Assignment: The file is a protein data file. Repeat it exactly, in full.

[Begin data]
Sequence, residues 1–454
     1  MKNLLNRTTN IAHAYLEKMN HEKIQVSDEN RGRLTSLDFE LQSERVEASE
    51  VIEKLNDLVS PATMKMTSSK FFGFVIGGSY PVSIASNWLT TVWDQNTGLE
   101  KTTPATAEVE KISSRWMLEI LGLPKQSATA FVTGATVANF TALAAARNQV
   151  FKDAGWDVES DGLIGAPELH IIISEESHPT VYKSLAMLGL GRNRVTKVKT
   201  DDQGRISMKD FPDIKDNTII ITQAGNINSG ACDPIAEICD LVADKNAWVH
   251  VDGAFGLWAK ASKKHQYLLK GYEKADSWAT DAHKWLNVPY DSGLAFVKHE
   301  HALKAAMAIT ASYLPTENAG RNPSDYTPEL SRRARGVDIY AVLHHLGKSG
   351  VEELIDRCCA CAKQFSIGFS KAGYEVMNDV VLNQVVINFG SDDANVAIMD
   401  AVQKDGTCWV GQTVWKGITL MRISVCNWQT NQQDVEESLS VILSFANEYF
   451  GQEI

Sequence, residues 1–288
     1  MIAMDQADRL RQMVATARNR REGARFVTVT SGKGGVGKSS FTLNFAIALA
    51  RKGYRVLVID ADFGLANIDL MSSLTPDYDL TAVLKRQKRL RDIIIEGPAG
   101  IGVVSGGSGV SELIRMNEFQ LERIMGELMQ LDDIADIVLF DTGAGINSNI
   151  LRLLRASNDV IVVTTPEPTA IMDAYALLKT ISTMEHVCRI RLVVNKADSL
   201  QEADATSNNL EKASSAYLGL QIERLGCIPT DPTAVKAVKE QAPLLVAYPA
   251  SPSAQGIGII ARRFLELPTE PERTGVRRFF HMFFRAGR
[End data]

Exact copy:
Sequence, residues 1–454
     1  MKNLLNRTTN IAHAYLEKMN HEKIQVSDEN RGRLTSLDFE LQSERVEASE
    51  VIEKLNDLVS PATMKMTSSK FFGFVIGGSY PVSIASNWLT TVWDQNTGLE
   101  KTTPATAEVE KISSRWMLEI LGLPKQSATA FVTGATVANF TALAAARNQV
   151  FKDAGWDVES DGLIGAPELH IIISEESHPT VYKSLAMLGL GRNRVTKVKT
   201  DDQGRISMKD FPDIKDNTII ITQAGNINSG ACDPIAEICD LVADKNAWVH
   251  VDGAFGLWAK ASKKHQYLLK GYEKADSWAT DAHKWLNVPY DSGLAFVKHE
   301  HALKAAMAIT ASYLPTENAG RNPSDYTPEL SRRARGVDIY AVLHHLGKSG
   351  VEELIDRCCA CAKQFSIGFS KAGYEVMNDV VLNQVVINFG SDDANVAIMD
   401  AVQKDGTCWV GQTVWKGITL MRISVCNWQT NQQDVEESLS VILSFANEYF
   451  GQEI

Sequence, residues 1–288
     1  MIAMDQADRL RQMVATARNR REGARFVTVT SGKGGVGKSS FTLNFAIALA
    51  RKGYRVLVID ADFGLANIDL MSSLTPDYDL TAVLKRQKRL RDIIIEGPAG
   101  IGVVSGGSGV SELIRMNEFQ LERIMGELMQ LDDIADIVLF DTGAGINSNI
   151  LRLLRASNDV IVVTTPEPTA IMDAYALLKT ISTMEHVCRI RLVVNKADSL
   201  QEADATSNNL EKASSAYLGL QIERLGCIPT DPTAVKAVKE QAPLLVAYPA
   251  SPSAQGIGII ARRFLELPTE PERTGVRRFF HMFFRAGR